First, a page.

“I recently found out that one of my relatives fought in the Civil War. How do I make sure that he gets a flag on his grave for Memorial Day?”
Our patron’s relative was not buried in Newton Falls, but we were able to easily locate the rules and regulations for the cemetery where they were buried on the internet. The rules stated that the Memorial Day flags were property of the township and would be displayed for “a reasonable time.” We decided that our most straightforward option would be to contact the township directly, so we called the cemetery sexton, who had listed his phone number on the website, and he was able to solve the problem. We also could have called the local chapter of the American Legion.
According to Holiday Symbols and Customs, edited by Sue Ellen Thompson, Memorial Day, first called “Decoration Day,” originated as a day to honor Civil War soldiers. The first official observance was in Waterloo, New York on May 5, 1866, though other towns were decorating soldiers’ graves before then, including women in Columbus, Mississippi, who gathered on April 25, 1866 to decorate the graves of both the Union and Confederate soldiers buried there.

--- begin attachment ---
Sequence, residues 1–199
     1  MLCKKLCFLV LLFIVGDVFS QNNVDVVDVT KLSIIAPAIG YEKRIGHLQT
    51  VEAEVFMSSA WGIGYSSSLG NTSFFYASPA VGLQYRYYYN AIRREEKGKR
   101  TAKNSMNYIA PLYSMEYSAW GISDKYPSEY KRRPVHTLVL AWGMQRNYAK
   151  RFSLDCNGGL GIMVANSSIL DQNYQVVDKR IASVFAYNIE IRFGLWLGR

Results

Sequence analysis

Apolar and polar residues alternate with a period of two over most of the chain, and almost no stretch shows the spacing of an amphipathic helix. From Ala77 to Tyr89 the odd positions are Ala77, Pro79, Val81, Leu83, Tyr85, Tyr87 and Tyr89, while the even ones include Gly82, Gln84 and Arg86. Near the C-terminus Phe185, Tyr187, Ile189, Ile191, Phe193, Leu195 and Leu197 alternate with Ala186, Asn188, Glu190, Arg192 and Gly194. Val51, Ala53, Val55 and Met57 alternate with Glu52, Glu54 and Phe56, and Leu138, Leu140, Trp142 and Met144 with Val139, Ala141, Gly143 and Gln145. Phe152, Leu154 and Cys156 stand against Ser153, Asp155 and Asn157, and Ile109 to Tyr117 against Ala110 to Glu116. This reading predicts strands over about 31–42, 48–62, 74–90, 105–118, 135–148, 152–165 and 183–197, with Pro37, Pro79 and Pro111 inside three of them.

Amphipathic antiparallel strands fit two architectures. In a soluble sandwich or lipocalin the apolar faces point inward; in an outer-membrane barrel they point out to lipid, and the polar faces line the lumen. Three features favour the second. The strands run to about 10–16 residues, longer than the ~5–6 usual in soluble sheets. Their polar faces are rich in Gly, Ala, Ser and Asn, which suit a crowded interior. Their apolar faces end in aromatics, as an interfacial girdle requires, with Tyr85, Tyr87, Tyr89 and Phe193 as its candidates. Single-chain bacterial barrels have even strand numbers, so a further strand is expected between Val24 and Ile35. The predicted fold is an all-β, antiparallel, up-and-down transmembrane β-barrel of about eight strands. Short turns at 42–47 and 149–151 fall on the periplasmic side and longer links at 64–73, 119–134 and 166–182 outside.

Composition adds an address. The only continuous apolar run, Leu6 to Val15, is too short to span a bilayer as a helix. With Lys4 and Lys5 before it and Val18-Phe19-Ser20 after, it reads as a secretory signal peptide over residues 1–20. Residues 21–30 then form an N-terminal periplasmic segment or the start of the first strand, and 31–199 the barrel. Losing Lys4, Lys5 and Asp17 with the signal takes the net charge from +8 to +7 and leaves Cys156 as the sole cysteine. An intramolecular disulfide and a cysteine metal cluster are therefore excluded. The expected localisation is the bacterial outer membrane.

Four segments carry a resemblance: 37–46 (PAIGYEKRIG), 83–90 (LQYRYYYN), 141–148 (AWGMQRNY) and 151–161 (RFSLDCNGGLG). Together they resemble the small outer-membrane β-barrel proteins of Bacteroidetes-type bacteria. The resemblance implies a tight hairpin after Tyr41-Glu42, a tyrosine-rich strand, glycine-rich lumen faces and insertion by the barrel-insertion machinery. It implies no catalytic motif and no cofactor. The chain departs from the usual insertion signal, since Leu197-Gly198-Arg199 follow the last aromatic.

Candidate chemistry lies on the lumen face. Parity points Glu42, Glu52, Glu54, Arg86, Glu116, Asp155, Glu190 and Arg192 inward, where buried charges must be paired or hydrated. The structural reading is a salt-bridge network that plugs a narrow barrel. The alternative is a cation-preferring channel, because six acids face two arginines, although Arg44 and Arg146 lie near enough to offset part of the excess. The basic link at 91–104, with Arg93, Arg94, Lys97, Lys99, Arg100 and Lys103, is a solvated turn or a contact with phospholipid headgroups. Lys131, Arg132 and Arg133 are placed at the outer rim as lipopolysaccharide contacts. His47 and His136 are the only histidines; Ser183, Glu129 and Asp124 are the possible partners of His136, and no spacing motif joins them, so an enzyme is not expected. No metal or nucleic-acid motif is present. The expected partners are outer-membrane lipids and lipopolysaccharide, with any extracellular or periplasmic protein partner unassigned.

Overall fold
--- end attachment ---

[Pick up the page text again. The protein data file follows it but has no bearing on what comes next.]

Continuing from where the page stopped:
The first nationwide Decoration Day was held by the Grand Army of the Republic, a Union Army veterans’ group, on May 30, 1868. As Union Army veterans were the first to mark the day, several southern states felt that it was only for them, so states instituted their own Confederate Memorial Days on different dates ranging from late April to early June. This custom mostly ended after World War I, when the American Legion took over planning the holiday.